The piggy bank full of hundred-dollar bills that City Manager David Corliss, the city staff and commissioners are eyeballing from a swap of street and highway maintenance responsibilities should not overshadow one of the projects involved.
It’s the proposal to invest in additional fiber-optic cable capacity to serve the city, county, school district, Kansas University and Haskell Indian Nations University. It also carries the potential to allow businesses to lease some of the perceived excess capacity within the ring of fiber. Although it’s a stretch, making the city competitive with the Google Fiber project in Wyandotte County, has been mentioned.
When the project was discussed at a commission meeting in early June, there seemed to be little enthusiasm for spending the amount ($320,000 to $640,000) it would take for the work.
Now that the piggy bank has been identified, funds for the effort (along with the Santa Fe depot restoration, traffic signals, etc.) seem to be drawing elevated interest.
There are two main components to this. One is completion, through work along Sixth Street between Iowa and Wakarusa, of a gap in the city’s existing fiber ring. Conduit and 288 strands of fiber would be installed. Other funds would be sought to enhance the project.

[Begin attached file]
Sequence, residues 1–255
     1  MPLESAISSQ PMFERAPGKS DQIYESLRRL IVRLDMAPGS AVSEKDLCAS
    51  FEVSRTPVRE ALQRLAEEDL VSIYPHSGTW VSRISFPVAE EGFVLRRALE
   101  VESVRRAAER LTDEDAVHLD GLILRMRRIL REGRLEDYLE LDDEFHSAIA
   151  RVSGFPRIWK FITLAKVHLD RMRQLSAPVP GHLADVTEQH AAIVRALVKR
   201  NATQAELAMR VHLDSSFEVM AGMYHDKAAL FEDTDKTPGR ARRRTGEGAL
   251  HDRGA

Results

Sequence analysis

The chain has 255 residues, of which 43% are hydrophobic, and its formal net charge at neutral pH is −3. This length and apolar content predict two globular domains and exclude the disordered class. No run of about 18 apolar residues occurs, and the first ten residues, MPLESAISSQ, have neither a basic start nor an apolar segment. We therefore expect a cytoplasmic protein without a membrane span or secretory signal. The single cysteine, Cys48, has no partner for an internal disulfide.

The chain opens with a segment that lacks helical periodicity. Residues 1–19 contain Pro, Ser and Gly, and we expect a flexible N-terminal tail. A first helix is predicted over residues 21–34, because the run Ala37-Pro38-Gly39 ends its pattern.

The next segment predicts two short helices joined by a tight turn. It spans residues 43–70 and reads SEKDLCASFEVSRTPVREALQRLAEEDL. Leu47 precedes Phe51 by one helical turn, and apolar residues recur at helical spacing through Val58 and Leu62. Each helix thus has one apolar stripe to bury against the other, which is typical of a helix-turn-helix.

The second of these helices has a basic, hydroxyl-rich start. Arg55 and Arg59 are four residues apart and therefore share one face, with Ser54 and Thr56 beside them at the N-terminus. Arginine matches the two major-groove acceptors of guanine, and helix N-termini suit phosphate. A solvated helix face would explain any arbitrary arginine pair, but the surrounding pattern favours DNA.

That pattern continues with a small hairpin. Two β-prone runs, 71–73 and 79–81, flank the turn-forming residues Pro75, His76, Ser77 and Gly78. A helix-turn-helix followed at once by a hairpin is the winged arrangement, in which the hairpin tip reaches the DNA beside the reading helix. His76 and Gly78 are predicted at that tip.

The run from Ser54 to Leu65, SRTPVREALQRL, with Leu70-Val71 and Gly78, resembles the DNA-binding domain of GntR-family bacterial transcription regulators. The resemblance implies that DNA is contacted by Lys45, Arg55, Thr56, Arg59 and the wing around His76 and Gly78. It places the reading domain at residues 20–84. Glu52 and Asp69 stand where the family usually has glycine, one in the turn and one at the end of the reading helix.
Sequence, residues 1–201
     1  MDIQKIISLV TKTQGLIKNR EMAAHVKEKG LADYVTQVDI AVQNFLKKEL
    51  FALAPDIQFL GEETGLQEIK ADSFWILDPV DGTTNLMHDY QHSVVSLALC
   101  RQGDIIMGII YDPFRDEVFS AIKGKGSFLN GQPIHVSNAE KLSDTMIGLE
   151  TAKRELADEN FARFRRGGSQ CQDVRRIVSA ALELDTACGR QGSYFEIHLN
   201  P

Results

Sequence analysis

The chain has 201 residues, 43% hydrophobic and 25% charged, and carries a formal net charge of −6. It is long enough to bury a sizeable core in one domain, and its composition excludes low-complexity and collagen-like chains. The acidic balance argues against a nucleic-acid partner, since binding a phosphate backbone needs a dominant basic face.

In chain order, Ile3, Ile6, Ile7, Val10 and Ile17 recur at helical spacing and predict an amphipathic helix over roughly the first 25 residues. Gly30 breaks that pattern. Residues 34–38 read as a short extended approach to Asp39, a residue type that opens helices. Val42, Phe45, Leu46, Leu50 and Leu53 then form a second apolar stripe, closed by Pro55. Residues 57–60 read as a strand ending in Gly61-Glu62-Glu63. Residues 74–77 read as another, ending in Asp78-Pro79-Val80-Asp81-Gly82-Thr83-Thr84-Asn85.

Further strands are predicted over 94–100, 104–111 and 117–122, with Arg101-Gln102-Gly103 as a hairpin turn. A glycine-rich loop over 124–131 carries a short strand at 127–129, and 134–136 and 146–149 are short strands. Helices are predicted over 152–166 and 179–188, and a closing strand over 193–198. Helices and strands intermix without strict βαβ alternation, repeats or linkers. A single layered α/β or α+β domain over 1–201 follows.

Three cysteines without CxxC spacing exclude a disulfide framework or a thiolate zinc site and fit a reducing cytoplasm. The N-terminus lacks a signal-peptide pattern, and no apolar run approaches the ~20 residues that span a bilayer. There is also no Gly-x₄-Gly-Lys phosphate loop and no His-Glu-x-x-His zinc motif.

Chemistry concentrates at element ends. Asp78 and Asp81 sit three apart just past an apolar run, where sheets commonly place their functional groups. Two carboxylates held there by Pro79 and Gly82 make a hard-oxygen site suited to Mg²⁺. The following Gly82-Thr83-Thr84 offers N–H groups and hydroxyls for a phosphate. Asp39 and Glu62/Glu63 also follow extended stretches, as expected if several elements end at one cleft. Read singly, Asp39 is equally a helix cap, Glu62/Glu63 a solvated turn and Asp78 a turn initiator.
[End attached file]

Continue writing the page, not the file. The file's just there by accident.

The second phase would involve a fiber ring for the Farmland site, the East Hills Business Park and other community facilities on the eastern part of the city.
There’s little doubt that in today’s environment, broadband capacity is essential and that high capacity and speed are factors that many businesses expect and scrutinize carefully. Obviously, it makes just as much sense for the city and other institutions to evaluate how to provide and enhance this component of modern infrastructure as it does for them to provide streets, sewers and other more traditional types of infrastructure.
To date, no institutional partnerships have materialized to help share the cost of the proposal. However, the most recent city report suggests that “a public/private partnership” be explored for part of the fiber installation. This is where the situation begins to get murky. Transparency is paramount, especially for a commission that has wandered into the Rock Chalk Park swamp.
The need, and value, of more “public/private partnerships” to provide roads, sewers, sidewalks and other infrastructure, especially fiber-optic cable, certainly are dubious. Furthermore, avoiding conflicts of interest and entangled personal relationships that are likely to be involved, is essential. The ends and the means need to be clearly and carefully aligned.
Having found a piggy bank is not a reason to jump recklessly into a project that deserves the utmost in above-board discussion and prioritization.